If you planted garlic in the fall, and watched the scapes grow from the ground and finally mature, there will come a point when it’s time to harvest, which is about mid-summer. The plant starts to signal readiness when its leaves begin to turn yellow, then brown. Keep checking on the garlic plant until the leaves closest to the ground have turned brown. Don’t attempt to pull the garlic straight from the ground; you may snap off the leaves which will be necessary for the final step in harvesting. Using a hori hori knife, gently loosen the dirt around the plant, taking care not to stab the bulb underground, and then gently pull it from the soil.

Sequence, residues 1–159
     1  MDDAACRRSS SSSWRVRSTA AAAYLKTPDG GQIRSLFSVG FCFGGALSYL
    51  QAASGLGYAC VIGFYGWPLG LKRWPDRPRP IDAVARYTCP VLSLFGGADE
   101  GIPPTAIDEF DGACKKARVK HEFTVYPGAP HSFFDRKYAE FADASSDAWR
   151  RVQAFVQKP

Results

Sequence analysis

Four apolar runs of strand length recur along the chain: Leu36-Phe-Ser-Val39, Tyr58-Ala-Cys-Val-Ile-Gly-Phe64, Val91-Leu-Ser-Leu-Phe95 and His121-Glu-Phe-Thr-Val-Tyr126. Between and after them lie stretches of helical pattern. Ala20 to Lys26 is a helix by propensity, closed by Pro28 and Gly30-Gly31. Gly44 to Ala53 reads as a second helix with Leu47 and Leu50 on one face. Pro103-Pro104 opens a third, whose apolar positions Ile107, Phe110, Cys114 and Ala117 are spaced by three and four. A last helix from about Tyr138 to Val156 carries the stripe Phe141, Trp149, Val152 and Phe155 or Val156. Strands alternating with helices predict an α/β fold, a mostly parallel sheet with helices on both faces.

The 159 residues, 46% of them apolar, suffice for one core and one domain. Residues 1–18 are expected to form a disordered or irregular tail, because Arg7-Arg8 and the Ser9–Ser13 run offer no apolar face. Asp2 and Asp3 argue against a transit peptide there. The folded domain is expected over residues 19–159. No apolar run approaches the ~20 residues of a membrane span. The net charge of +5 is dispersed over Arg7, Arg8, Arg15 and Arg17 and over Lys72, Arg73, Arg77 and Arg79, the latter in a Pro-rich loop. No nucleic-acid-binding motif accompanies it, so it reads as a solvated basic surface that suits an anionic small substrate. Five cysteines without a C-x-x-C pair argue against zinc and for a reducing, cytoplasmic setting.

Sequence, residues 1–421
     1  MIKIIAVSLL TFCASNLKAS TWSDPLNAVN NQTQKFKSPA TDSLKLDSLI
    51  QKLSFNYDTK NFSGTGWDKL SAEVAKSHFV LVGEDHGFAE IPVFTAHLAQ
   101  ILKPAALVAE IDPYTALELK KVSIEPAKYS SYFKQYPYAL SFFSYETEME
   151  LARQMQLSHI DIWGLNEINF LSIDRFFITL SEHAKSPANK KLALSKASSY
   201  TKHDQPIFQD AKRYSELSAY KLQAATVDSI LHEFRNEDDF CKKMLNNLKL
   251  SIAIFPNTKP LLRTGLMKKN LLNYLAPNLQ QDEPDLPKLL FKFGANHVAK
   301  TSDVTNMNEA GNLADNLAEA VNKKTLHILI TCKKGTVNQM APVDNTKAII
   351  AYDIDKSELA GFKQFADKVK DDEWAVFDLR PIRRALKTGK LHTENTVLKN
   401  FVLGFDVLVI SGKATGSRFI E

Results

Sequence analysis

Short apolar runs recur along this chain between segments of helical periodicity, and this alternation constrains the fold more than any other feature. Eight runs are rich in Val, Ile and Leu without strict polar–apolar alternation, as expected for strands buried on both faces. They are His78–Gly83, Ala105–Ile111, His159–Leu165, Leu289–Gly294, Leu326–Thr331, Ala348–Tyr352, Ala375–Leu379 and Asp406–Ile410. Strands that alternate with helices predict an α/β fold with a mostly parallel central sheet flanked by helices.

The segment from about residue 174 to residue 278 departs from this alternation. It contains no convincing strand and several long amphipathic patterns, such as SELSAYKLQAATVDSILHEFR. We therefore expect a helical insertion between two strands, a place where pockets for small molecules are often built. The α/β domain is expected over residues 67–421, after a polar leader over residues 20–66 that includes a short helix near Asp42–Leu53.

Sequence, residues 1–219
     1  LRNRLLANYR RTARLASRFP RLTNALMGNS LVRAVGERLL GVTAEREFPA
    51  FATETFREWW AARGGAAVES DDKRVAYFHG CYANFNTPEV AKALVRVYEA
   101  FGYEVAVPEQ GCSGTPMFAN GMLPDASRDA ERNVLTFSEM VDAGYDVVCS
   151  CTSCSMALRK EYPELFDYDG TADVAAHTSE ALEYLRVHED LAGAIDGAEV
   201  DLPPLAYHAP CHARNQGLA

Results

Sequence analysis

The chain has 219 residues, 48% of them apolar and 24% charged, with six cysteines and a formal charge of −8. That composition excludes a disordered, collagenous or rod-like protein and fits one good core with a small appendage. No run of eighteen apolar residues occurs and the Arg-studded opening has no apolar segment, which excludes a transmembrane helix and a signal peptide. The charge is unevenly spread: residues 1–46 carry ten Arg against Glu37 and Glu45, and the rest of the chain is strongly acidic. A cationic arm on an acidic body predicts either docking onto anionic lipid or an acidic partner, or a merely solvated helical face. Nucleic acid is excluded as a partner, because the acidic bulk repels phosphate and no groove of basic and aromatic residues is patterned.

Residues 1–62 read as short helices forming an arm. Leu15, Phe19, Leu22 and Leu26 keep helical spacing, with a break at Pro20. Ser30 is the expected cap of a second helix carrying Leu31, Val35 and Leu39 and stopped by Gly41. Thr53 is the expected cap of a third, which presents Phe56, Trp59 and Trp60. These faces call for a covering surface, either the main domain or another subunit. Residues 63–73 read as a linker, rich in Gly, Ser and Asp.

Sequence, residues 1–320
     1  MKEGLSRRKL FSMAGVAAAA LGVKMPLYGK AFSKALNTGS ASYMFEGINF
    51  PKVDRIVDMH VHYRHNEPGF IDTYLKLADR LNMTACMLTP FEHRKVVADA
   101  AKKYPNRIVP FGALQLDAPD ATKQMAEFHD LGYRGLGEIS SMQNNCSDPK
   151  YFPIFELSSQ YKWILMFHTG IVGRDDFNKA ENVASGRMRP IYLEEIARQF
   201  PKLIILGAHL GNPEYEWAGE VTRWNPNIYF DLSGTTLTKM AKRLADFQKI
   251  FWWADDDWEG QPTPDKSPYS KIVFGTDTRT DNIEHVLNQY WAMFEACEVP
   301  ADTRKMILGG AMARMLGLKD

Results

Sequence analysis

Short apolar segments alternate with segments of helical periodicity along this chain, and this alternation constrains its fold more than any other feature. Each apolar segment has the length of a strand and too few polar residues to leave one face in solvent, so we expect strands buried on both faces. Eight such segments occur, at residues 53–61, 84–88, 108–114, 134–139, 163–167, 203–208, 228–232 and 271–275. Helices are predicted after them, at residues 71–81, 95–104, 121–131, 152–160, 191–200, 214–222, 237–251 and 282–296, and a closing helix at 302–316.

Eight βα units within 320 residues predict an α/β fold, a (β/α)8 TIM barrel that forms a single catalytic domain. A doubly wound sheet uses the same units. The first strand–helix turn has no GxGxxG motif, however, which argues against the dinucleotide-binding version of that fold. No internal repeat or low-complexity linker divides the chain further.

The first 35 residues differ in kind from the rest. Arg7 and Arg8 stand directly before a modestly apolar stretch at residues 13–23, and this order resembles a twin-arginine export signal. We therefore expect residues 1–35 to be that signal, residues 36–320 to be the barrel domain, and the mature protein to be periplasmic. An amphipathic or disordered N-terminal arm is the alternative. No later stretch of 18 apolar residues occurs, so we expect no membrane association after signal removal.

Once you have your garlic in hand, it is not quite ready to eat. It must go through a curing process first. Each clove is surrounded my many sheets of “paper” which need time to dry in order to easily remove for cooking the garlic clove. Curing also helps garlic have a longer storage life. Gather a handful of garlic plants and tie them together with twine. Hang the bunches in a dark and dry place with good air circulation like a garage or shed. Allow the bunches to dry for six to eight weeks. When ready, store your garlic in a cardboard box lined with newspaper in a cool, dark place like a basement. It is such a luxury to have an endless supply of garlic through the winter, especially in a house where most recipes begin with olive oil and garlic in a pan!